IWP 688
Two credits

This course attempts not only to chart through the transformation of energy use over the past century, but also, most importantly, to expand our understanding of today’s concept of “energy security” and “geopolitics of energy” and how they fit within the rubric of national security. This is a multi-disciplinary course with the goal achieving an analytical perspective on global energy security and geopolitics of energy, supply and demand, and prices. It provides a comprehensive introduction to the global energy market and different aspects of the oil and gas industry, provides an overview of the distribution and allocation of petroleum resources, and examines how access to these resources is facilitated and achieved.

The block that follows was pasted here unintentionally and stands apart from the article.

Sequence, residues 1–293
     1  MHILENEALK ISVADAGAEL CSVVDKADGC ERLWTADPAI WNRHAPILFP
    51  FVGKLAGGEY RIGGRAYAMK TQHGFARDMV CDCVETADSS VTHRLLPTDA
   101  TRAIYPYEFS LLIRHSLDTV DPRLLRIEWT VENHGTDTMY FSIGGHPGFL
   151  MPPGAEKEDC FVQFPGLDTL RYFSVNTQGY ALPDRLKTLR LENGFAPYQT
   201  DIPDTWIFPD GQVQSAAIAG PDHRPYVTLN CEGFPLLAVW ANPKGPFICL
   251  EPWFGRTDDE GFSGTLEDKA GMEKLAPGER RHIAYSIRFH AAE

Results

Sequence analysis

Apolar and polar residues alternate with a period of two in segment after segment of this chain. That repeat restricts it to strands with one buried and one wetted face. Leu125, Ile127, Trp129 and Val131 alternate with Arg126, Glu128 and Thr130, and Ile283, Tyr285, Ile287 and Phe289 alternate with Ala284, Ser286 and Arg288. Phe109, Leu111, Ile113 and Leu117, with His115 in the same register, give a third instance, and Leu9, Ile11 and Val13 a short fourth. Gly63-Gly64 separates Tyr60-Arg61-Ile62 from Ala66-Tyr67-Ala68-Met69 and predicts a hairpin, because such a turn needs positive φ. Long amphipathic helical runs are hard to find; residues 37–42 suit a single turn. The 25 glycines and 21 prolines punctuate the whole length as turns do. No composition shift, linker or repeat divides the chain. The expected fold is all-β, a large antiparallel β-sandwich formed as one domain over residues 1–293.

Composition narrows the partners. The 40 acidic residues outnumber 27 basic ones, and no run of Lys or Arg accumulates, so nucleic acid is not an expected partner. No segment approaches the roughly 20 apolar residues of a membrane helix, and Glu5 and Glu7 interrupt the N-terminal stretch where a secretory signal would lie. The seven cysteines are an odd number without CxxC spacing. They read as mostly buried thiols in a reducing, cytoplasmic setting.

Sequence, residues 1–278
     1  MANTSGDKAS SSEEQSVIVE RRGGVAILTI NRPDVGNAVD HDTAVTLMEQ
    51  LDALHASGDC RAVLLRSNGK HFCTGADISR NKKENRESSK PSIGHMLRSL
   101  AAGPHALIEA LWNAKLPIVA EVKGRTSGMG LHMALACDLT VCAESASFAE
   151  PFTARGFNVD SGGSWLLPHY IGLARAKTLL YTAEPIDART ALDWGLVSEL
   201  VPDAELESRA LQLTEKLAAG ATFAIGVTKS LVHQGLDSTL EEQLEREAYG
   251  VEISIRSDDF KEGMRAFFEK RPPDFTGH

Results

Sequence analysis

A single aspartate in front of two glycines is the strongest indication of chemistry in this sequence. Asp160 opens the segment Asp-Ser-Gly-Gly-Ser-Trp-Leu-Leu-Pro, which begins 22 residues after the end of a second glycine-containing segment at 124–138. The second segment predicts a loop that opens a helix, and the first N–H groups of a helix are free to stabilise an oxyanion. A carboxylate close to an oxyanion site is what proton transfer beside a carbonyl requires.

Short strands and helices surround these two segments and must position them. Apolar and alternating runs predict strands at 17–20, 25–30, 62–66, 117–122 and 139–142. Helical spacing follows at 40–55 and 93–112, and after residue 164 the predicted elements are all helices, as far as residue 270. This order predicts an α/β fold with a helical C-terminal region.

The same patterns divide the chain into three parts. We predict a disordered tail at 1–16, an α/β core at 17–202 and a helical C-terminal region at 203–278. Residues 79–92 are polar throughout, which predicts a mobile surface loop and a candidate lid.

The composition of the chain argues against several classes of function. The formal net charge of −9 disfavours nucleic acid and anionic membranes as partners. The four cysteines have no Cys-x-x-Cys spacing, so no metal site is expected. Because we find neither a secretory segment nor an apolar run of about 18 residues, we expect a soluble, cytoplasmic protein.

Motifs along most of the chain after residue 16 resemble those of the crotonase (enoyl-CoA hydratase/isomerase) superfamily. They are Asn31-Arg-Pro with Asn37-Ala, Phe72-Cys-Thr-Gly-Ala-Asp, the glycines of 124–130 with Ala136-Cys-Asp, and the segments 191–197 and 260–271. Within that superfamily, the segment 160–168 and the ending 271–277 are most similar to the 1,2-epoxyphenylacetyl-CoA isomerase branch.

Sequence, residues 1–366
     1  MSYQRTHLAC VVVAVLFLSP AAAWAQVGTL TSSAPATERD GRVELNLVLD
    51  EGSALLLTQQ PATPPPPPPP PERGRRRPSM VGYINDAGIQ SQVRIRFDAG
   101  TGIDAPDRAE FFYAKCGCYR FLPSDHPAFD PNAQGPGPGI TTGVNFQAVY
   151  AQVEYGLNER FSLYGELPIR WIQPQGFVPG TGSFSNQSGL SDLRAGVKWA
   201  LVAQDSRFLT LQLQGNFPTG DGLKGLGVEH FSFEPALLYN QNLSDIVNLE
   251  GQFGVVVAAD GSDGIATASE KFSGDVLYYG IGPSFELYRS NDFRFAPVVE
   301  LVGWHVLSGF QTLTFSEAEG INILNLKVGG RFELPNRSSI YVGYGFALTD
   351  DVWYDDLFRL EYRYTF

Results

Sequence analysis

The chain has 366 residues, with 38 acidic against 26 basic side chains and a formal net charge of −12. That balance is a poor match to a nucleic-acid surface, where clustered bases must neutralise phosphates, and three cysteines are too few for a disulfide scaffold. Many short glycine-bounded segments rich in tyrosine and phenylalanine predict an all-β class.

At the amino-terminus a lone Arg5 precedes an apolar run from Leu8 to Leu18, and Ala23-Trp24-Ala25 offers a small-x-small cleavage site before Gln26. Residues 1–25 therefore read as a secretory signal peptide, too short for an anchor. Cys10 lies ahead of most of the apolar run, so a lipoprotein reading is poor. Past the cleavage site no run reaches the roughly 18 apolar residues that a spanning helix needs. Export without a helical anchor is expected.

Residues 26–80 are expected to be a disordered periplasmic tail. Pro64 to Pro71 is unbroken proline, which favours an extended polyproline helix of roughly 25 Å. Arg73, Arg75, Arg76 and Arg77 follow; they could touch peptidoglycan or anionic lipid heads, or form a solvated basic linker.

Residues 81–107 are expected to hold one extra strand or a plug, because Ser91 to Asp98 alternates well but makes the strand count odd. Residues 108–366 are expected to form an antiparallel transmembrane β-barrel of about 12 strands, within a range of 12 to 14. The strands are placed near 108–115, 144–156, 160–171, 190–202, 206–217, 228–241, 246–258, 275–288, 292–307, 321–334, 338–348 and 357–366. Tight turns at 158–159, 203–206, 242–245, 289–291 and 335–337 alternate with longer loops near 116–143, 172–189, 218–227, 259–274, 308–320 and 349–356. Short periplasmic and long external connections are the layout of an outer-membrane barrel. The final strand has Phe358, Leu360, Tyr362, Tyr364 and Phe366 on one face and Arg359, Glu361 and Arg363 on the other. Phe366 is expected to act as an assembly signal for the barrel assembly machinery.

Energy security and geopolitics of energy are the major points of discussion in this course. Yet it is broad enough to touch upon regional politics, economic markets, political strategy, and even technological developments. Understanding the broad definition of the concept of “energy security,” its principles, and its elements is the other goal of this course. In this course, students will gain a deeper understanding of the function of the energy market, crude oil and natural gas pricing and trade, and the major drivers of energy prices. By the end of the course, students will be able to assess and measure risks and define different scenarios for energy security in the context of national security for an individual country or a region.

Professor

Semester Available

Fall

Additional Information

This course may be taken as a part of the following programs:

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